It’s about language and culture, dude


It came to me as a complete surprise that the BBC documentary Are Our Kids Tough Enough? Chinese School got so much attention, and the debate over which is better, the Chinese way or the British way, actually got so heated up.

So I just spent 2 hours watching it on Youtube and here’s what I think.

First of all, I’d say the heated debate and all the furious comments on which way of teaching is better are mostly not based on the video itself. Because what the documentary shows is not a meaningful comparison. All the Chinese teachers simply failed miserably in managing their classes from the very beginning, due largely to, in my humble opinion, cultural conflict and language barrier. So I’ll base my comment on the program and maybe comment on the debate over this program in a separate post.

The Experiment

I don’t know who organized this. I think it’s a fantastic idea in terms of cultural exchange. But if the goal is to compare the Chinese way of teaching to the British way of teaching,  it cannot be taken seriously.

Teaching involves extensive interaction between the teachers and the students. Language barrier and cultural difference cannot be overlooked. Stories of foreign teachers got frustrated in Chinese classes because Chinese students were inactive have been around since 20+ years now. Why should we expect the Chinese teachers not to be shocked in a British school? This cultural shock should be expected and extra time should be planned for both the teachers and the students to adapt.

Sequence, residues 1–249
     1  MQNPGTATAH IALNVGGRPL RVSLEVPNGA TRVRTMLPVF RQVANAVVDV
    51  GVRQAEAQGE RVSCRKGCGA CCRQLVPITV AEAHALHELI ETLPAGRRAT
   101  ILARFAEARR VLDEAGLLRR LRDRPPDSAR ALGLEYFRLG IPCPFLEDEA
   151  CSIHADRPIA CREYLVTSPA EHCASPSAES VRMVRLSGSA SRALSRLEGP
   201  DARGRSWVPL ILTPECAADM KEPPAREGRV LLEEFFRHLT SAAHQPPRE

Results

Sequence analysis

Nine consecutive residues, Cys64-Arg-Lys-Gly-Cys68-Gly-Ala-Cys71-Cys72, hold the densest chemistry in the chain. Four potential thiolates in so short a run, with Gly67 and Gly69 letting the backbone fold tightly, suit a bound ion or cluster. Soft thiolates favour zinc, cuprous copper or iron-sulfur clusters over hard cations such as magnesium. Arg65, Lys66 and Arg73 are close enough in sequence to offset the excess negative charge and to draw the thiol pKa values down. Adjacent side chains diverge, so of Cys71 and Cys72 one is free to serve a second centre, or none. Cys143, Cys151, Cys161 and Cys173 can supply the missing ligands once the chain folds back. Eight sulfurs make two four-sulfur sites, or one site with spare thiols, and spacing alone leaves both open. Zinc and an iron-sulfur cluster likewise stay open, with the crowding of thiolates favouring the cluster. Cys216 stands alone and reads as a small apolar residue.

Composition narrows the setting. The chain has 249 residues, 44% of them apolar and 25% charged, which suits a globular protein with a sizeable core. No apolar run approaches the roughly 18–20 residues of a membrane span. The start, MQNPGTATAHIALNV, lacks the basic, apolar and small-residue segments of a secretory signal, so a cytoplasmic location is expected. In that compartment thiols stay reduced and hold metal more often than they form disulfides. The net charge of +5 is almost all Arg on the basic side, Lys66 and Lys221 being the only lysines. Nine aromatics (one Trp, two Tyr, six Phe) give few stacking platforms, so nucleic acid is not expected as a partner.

The other obvious defect in the design of this experiment is, knowing that the British students are 3 years behind their peers in Chinese, the teachers still teach as if they were teaching Chinese students. Why? Isn’t it obvious to every teacher that you have to adjust your pace according to the level of your subject students?

So it’s no surprise at all that the Chinese teachers were struggling in managing the classes in the 2nd week. What else do you expect? What do you expect if you send these Chinese teachers to Mars and ask them to teach alien students?

The language barrier and the cultural difference

You may think that I’m exaggerating the difficulties the language barrier and cultural difference posed to the Chinese teachers. I’m not.

Culture is one’s frame of reference to judge the right from the wrong, to judge what is acceptable and what is not. I’ll use this analogue throughout this post.

Language conveys culture. Culture spreads through language, both vertically from older generation to younger generation, and horizontally from one geographical area to another. Language also shapes culture, often in some very subtle but important ways.

The 5 teachers speak decent English. However, it’s one thing to express oneself in English language, it’s another thing to fit in the context, know the protocols and have a English/British mindset.

Several scenes in the video illustrated the cultural difference really well. I’ll present some of them in detail here.